When I returned from my trip to Colombia, our yearly “back to school” letter from our school superintendent was waiting for me. Along with the usual logistical information that we need for the start of the school year, he outlined some “big picture” goals that we will be focusing on as a district. One of the goals for the coming school year that he emphasized was a focus on the cultivation of “thriving dispositions” in our students. These “dispositions” were the work of my all time favorite committee that I have worked on–Whitefish Bay’s Transformational Educational Practices committee. A group of teachers, parent and community members who came together to try to create vision of how to best prepare our students for the 21st Century.
Throughout my time on this committee I kept seeing so many ways that global education can foster these skills in our kids. My coursework in global education and my own attempts to “break out” of my classroom walls this year have led me to sincerely believe that all content areas and subjects can be made more engaging or authentic when you infuse a global perspective into your teaching. But there is another truth my perspective on global ed. I have a natural bias towards this kind of teaching–I love to travel and I love to launch into big projects of any kind. These tendencies have led me to become somewhat suspicious of my own enthusiasm.
These past weeks have given me a chance to gain some distance from my own teaching practice and view global education with more objectivity. I think it is worthwhile to take a moment to reflect on how what I saw in Colombia connects to the “seven thriving dispositions”.
Critical thinking: I found it to be interesting and informative to see and hear many references to the pedagogical work of the Brazilian educator, Paulo Freire during my time in Colombia. His work views education as the ” ‘practice of freedom’, the means by which men and women deal critically with reality and discover how to participate in the transformation of their world.“ It was clearly evident that Colombians view education as an essential means of social mobility and transformation. Again and again teachers spoke of education as a path of empowerment for their students. I saw this the most clearly in my visits to the rural schools where teachers encouraged students to take responsibility for their own learning. These students are some of the most vulnerable learners in Colombia, both economically and socially. The Nueva Esculea curriculum which was being implemented in these schools was designed to help students “learn to learn”. Many key decisions were made by student leaders–the student elected government was included in all areas of schooling–from instruction to discipline of their peers.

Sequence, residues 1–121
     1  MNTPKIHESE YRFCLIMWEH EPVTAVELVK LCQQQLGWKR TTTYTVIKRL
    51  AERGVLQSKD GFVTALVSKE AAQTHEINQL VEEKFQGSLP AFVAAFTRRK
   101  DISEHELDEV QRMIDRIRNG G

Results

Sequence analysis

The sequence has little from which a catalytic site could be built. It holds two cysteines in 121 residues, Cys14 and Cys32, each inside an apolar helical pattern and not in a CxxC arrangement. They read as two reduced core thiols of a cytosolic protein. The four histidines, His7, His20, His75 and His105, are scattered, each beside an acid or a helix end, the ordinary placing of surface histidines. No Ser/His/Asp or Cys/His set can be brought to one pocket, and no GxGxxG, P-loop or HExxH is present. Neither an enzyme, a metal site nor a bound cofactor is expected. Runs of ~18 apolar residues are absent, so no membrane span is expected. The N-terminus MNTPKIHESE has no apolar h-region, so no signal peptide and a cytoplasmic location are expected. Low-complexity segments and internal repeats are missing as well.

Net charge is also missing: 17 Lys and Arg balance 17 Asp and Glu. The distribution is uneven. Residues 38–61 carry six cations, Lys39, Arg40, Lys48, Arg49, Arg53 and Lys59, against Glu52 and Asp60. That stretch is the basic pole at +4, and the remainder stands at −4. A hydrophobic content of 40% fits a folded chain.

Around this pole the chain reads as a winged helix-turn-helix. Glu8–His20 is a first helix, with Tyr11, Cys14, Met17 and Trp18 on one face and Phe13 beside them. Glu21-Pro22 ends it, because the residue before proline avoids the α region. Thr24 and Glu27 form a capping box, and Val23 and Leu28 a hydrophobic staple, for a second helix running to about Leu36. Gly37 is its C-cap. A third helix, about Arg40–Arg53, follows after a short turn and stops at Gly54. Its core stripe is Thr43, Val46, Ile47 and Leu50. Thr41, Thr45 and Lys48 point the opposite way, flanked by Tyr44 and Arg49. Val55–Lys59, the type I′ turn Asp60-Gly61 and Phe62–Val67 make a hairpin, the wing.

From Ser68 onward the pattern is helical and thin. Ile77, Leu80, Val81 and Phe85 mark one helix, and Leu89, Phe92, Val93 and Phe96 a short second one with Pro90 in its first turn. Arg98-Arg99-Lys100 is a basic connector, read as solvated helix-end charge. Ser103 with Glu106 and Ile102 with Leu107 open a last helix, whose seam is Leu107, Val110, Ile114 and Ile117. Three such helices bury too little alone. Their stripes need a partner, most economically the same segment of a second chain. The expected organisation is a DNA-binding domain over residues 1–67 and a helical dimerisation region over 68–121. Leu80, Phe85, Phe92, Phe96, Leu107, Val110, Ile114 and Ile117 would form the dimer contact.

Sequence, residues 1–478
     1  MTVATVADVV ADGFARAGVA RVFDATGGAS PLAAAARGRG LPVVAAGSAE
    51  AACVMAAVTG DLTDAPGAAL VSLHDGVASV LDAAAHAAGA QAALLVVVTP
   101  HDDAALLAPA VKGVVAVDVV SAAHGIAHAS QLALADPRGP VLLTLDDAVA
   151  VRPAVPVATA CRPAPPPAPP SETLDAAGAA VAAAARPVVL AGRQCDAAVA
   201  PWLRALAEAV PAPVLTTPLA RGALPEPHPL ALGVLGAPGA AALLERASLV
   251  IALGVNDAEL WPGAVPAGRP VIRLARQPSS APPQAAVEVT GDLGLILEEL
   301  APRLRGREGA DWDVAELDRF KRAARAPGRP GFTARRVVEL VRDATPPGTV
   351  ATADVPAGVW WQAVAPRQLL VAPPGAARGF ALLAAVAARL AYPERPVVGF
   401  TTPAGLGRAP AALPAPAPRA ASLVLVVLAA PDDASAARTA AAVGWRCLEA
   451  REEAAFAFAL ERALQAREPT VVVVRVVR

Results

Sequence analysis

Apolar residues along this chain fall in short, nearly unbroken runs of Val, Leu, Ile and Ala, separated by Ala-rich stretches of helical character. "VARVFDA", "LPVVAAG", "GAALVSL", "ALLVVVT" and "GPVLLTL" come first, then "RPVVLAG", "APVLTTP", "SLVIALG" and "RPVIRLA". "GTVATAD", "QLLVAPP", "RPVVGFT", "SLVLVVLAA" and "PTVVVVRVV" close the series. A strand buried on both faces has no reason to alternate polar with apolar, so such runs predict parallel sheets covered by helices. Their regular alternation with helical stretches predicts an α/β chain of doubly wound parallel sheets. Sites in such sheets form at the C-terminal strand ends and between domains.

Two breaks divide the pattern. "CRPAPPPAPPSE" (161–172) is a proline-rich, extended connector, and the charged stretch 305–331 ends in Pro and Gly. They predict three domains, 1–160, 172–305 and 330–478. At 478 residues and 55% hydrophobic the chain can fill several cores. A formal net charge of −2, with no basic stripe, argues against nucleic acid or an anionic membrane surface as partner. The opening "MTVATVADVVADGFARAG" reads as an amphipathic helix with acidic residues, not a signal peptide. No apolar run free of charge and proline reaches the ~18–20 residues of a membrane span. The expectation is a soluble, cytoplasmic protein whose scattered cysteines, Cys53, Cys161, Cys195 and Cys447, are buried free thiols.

Agility/Adaptability In an effort to be responsive to the current changes and developments in the global labor market, the Colombian national government has significantly increased its investment in vocational training, ” standardising, shaping, evaluating and certificating national work competencies; and establishing a strong connection between labor market and the education system.” We were able to take a tour of a national vocational training school–SENA. Tuition for these schools is free and students can learn practical skills from hotel management, accounting etc. as well as technical skills such as applied robotics and computer automation. They have partnered with international companies and work with the Colombian business community to focus on high demand jobs. On our tour of this school we saw a class learning to program a robot, electrical engineering students learning English and fashion and design students working with high tech sewing machines. In the past the technical training provided by SENA has been considered something that only the poor would take advantage of, but in recent years, university students have come to realize that they have much to gain from the “real world” training that they can receive at these vocational schools.